Also from the Governor’s office this past week, they announced a new partnership with the Ca. Dept. of Insurance and other related State agencies to establish new consistent statewide standards to “harden” homes and communities to reduce wildfire risks. The “hardening” measures include building upgrades, defensible space, fire-resistant landscape, etc.. These efforts are designed to help keep California’s real estate insurable at reasonable rates. And as I have reported before, the Mammoth region has been very proactive on many of these hardening measures in the past decade plus, and for good reason. Apparently, many other areas of the State have not been so proactive.
The very desperate appearing Town Council will be voting this next week on the approval of a construction bid for the Ice Rink/MUF/CRC facility at Mammoth Creek Park West. The very stripped-down (almost pathetic) facility is bare bones and includes the sprung structure, the ice rink and some restrooms. The total project cost is now in the $14M range. All of this at a time the Town is deceptively short on revenue and shelling-out money to save businesses impacted by the lockdowns. My guess is they see a now-or-never scenario. It may be more about ego than anything else. I sure hope this is something the community can be proud of 10-20 years down the line. And hopefully all the related expenditures today and in the future don’t compromise something more important in the future. And don’t be surprised if they try to put more recreation taxes on our electric bills.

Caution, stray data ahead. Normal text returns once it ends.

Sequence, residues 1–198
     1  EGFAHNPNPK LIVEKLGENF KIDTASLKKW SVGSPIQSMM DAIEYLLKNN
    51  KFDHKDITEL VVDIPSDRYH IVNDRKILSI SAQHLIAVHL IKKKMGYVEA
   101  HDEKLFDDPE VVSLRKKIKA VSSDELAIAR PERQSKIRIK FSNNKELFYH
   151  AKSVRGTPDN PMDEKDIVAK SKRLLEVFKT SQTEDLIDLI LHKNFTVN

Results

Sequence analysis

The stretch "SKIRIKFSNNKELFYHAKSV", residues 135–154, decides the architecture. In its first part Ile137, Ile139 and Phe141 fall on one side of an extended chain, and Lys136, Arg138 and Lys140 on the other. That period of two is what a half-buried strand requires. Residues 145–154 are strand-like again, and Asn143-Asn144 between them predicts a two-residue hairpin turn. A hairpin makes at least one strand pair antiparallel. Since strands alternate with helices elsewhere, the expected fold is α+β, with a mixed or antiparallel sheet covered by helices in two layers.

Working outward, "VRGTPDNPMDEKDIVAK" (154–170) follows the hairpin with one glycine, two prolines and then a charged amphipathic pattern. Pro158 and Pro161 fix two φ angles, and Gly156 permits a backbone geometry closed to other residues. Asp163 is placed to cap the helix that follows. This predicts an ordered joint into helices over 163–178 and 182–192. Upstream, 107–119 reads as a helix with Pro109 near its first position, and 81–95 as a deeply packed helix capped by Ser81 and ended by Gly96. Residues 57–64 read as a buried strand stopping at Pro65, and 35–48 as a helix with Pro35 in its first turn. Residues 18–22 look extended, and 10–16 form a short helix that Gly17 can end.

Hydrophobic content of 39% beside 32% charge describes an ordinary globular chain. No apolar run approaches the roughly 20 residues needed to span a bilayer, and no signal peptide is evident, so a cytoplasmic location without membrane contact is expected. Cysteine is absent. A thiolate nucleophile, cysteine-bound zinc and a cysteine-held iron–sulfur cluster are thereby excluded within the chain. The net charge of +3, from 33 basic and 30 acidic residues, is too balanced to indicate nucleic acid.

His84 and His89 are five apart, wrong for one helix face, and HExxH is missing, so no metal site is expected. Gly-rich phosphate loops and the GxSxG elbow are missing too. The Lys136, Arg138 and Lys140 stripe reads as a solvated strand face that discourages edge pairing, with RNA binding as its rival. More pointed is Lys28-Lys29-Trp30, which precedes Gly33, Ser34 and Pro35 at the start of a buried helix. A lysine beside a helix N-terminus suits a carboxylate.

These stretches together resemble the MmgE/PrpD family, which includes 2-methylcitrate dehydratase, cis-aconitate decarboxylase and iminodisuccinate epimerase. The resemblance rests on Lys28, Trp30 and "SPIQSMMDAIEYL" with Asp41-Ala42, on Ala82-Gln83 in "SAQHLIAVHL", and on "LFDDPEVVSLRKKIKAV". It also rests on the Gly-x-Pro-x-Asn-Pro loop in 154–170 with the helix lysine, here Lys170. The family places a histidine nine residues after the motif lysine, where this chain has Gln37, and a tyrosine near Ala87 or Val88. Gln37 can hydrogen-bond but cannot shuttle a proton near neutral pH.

The Council did approve further exploration of a potential development agreement with Aspen Ski Company over potential public benefit items in their Limelight development (namely additional public parking in their understructure garage and the pedestrian bridge spanning Canyon Blvd.). The hotel facility plans were supposed to be in front of the Planning Commission last week but I can’t find any record of the meeting. The plans are impressive and would radically change the landscape of the west end of the Village. The 23 “for sale” residential units are all basically penthouse-style suites. The recent performance of large 3 bedroom suites in the Village should certainly give them confidence in these units.
With the extraordinary number of multi-million dollar home sales here in Mammoth, the amazing parade of private jets coming-and-going at the Airport, and this Limelight project looking more viable every passing week, is there a some quiet Aspen-ification of Mammoth occurring? Or is this just a by-product of the Alterra master plan and their association with Aspen? Time will tell.
And for those who weren’t in town this week, I had a Real Estate Q&A that ran in The Sheet covering HOA Fees here in Mammoth.